The sector of travel and tourism in Europe should create almost eight million new jobs within the next decade. This was revealed by the latest Economic Impact Report (Eir) of World Travel & Tourism Council (Wttc).
Wttc forecasts also show that the sector will be a driving force behind Europe’s economic recovery, after more than two years of suffering. Over the next 10 years and with a average annual growth rate of 3.3%the travel and tourism sector it should grow at double the rate of the overall economywhich is expected to expand by just 1.5% annually.
The latest report from the global tourism board also reveals that European travel and tourism GDP is expected to grow by 31.4% to 1.73 trillion euros (1.9 trillion US dollars).
To confirm the recovery is Julia Simpson, president and CEO of Wttc: “The travel and tourism sector in Europe is booming. It looks set to create up to eight million new jobs over the next 10 years. In terms of contribution to the economy and employment in Europe, the sector will almost reach pre-pandemic levels by the end of next year, as the recovery of the sector continues its momentum ”. The manager also points out that “the recovery in 2021 was slower than expected due to the impact of the Omicron variant and the uncoordinated response of European governments to the closure of borders which failed to stop the spread of the virus, but caused real and lasting damage to economies and livelihoods ”.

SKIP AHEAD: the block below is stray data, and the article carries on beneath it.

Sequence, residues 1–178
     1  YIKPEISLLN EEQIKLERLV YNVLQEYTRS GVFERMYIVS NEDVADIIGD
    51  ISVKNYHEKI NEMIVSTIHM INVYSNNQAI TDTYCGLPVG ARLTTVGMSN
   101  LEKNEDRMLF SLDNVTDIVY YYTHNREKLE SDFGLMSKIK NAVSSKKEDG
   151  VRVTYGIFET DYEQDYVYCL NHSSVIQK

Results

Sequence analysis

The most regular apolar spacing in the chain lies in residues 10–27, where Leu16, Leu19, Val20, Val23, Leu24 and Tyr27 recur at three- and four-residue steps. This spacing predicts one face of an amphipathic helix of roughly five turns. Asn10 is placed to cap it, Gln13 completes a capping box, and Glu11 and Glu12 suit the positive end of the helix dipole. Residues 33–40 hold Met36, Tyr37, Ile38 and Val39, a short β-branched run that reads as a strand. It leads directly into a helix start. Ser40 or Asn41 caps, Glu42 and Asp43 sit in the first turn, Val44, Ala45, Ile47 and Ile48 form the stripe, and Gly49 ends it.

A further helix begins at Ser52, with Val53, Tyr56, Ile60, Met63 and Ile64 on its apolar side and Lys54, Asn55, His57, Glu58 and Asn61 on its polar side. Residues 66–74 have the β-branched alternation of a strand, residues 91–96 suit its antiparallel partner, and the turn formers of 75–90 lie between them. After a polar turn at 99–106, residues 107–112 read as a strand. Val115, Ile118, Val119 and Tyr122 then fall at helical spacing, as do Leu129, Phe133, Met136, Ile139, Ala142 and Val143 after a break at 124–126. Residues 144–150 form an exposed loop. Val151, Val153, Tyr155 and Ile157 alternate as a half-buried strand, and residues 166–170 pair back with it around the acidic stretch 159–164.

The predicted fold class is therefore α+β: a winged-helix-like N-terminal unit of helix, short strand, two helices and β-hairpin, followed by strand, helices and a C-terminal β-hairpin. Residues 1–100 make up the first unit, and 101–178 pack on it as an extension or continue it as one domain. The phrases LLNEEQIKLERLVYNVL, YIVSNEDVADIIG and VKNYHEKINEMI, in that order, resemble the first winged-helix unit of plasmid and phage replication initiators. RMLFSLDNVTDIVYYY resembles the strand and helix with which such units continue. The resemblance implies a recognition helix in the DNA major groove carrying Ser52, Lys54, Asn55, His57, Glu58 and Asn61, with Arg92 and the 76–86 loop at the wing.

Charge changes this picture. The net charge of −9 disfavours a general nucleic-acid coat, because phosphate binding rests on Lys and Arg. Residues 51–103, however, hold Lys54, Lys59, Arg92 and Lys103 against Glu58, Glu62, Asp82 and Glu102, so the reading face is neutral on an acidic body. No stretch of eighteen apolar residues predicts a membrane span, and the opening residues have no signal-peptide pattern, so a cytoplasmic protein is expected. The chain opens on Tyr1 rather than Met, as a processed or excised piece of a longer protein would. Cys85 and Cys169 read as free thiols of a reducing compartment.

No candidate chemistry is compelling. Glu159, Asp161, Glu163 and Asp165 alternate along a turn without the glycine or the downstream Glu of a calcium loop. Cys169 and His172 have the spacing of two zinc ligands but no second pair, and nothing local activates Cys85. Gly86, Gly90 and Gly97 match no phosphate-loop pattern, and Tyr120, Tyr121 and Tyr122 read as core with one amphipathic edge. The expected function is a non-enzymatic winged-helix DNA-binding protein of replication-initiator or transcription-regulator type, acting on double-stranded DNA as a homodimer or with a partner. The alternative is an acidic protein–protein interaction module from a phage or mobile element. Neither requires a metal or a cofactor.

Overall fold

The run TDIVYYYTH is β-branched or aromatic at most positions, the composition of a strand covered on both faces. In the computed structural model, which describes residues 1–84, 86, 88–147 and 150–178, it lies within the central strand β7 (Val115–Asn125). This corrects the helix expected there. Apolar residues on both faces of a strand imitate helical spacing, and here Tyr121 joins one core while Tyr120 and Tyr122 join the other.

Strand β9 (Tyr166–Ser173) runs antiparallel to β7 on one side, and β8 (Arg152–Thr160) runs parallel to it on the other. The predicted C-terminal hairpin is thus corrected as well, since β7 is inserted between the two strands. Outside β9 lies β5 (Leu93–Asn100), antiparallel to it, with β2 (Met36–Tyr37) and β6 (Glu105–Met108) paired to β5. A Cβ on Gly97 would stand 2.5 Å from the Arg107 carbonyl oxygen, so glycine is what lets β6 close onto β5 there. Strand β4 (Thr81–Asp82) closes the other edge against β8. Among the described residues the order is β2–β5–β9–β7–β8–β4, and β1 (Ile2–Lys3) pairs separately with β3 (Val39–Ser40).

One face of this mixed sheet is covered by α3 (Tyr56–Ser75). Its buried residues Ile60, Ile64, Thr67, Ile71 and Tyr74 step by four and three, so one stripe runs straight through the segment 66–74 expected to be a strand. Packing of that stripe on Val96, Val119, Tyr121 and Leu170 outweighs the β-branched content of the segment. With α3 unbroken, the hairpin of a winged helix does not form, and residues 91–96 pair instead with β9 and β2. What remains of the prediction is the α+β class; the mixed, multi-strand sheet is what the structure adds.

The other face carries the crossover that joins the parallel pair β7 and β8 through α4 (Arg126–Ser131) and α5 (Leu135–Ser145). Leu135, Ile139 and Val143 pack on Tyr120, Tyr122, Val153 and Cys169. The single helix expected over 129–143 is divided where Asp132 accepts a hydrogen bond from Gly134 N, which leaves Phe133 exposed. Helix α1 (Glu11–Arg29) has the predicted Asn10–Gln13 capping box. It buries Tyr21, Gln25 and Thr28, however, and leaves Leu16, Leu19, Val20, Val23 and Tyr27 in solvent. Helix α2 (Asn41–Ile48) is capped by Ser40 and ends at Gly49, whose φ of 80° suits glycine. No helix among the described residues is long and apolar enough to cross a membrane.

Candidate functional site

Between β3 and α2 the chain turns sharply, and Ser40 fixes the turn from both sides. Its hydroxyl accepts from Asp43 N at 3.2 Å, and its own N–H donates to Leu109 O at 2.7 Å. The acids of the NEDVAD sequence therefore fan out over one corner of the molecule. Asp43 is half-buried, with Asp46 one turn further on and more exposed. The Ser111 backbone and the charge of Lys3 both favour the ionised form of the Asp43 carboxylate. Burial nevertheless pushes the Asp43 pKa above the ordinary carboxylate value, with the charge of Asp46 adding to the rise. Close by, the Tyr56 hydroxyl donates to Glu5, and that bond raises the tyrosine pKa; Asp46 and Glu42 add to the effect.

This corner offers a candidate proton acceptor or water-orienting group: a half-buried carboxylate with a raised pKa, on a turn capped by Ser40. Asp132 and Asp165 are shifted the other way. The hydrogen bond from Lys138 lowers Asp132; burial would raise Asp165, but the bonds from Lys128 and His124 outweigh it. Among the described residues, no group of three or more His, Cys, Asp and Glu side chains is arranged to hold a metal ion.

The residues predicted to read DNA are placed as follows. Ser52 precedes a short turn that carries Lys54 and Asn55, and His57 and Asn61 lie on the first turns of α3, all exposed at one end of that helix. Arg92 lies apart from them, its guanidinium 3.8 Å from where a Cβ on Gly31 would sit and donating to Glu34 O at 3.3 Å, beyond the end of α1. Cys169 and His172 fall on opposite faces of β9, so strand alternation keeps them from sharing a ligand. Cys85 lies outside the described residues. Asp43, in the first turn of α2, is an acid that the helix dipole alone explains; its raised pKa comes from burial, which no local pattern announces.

Wttc EIR data for 2021 show across Europe a 4.7% increase in the number of jobs in the travel and tourism sectors, which account for just over 9% of all jobs, in stark contrast to the previous year’s 12.5% decline.
The rebound in Europe was partly due to the significant growth in key target markets such as Greece, which recorded year-on-year growth of 75%, Turkey (61%) and Italy (59%).
The digital certificate
For its part, the WCTC congratulates the European Commission, which last year played an important role in the recovery of the sector, with the launch of the Covid digital certificate. According to the latest data, over 1.7 billion certificates have been issued by member states. This has given a much needed boost to economies and saved millions of jobs. However, in many other European countries, a much slower-than-expected recovery has occurred due to numerous failed attempts by governments to crack down on the transmission of the Omicron variant, causing the regional economic recovery to falter, the agency says.